Pages

Thursday, November 27, 2014

Seven top tips to perfect your engineering CV and covering letter


Some engineering employers, notably smaller companies, prefer CVs and covering letter. Here are some hints and tips to help you perfect your CV and covering letter to convince recruiters you’re right for the job. 


1.   Length of your CV: A CV should be no more than two pages of A4, and a covering letter just one page. By researching the skills sought by the employers you’re targeting and then matching your experience to theses you should be able to fit in all the information that is relevant to that particular graduate job. 


2.   Layout: the layout of your CV is important. Choose a layout that is clear and easy to read, avoid small fonts and large sections of text. Use a skills-focused or chronological format for your CV, depending on what sells you best, and remember to tailor your CV to each employer. 


3.  Personal statements: many students start their CV’s with a brief personal statement outlining their abilities and aspirations. If you choose to do this, be specific and keep it relevant to the engineering job in question.


4.  Educational history: your educational history from your university years should include your predicted or actual degree class, information on group projects and your dissertation, any modules relevant to the job, and relevant academic awards. Include you’re a level (or equivalent) subjects and grades. Give GCSE/standard grad results.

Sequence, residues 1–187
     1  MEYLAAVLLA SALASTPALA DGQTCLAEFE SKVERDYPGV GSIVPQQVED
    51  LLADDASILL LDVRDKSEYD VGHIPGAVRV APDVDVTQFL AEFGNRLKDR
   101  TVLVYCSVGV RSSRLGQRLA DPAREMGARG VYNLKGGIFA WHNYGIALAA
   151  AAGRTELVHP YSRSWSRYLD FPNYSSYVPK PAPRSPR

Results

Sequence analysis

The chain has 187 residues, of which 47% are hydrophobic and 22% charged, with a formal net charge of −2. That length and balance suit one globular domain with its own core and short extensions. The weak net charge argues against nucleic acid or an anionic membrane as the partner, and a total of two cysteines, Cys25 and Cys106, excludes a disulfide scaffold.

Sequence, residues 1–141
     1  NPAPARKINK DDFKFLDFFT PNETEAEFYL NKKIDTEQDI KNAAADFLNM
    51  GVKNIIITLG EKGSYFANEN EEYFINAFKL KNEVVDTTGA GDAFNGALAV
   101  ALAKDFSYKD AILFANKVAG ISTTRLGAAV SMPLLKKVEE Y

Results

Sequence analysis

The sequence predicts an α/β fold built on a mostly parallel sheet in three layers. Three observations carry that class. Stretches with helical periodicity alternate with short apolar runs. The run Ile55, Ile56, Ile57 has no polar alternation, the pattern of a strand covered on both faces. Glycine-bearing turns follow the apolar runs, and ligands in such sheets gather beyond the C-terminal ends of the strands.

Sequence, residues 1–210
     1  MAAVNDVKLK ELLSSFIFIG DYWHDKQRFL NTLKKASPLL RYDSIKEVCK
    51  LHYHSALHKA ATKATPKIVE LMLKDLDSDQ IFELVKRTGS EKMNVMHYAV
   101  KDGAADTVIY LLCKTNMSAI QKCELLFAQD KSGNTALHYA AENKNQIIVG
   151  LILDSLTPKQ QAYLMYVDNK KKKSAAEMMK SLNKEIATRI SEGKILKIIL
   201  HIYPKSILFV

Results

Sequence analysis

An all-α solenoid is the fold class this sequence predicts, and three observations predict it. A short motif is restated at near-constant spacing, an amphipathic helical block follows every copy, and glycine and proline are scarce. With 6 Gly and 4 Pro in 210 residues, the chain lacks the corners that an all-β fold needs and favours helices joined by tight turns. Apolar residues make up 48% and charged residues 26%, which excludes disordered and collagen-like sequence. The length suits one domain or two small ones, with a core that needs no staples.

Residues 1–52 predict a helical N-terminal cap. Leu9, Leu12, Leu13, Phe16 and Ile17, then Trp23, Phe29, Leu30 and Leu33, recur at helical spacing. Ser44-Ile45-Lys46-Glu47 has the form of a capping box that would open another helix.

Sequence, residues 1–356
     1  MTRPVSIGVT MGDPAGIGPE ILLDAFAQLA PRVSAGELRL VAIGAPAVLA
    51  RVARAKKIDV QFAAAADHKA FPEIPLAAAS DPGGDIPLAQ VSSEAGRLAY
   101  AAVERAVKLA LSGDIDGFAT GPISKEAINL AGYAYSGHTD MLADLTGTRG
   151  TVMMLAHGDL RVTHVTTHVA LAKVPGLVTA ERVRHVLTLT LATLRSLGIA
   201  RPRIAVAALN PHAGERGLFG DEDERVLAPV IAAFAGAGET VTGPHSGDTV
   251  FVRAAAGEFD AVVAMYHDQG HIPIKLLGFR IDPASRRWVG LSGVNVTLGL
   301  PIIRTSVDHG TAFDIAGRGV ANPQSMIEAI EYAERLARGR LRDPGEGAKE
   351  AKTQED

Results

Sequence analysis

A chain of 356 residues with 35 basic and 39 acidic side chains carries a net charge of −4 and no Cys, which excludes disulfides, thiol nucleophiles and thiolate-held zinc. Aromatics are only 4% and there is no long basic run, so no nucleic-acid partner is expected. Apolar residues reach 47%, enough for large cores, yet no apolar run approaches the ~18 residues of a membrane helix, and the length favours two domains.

5.   Engineering work experience: outline engineering work experience in your CV, judging how much detail to give by how closely it relates to the specific job you are applying to. Explain what skills you learned and how they can be transferred to the position in question. 


6.  Non-engineering work experience: many engineering employers look very favourably on achievements and experiences outside engineering. This can be a real boost if you haven’t been able to secure engineering work experience – and can give you an extra edge if you have. Examples worth mentioning include fundraising, voluntary work, organising independent overseas travel, sporting achievements or taking a leading role in a university society. Don’t go into detail: summarise your achievements and any transferable skills developed. 


7.   What’s the point of a covering letter? Most engineering graduates have a fairly wide range of career options open to them. Outside the engineering sector, graduate engineers are sought after for their numerical skills and problem-solving mentality; inside, there’s a wide range of industries and job types that engineers of most disciplines can choose from. Your covering letter, therefore, is a chance to convince the engineering employer in question that you want to work in their industry, for their specific organisation, and in the job role advertised. 


Articles you may be interested in: 
Engineering graduate jobs, placements and expert careers advice

Have you uploaded your CV to your TARGETjobs profile? Upload here.
By Roxanne Chand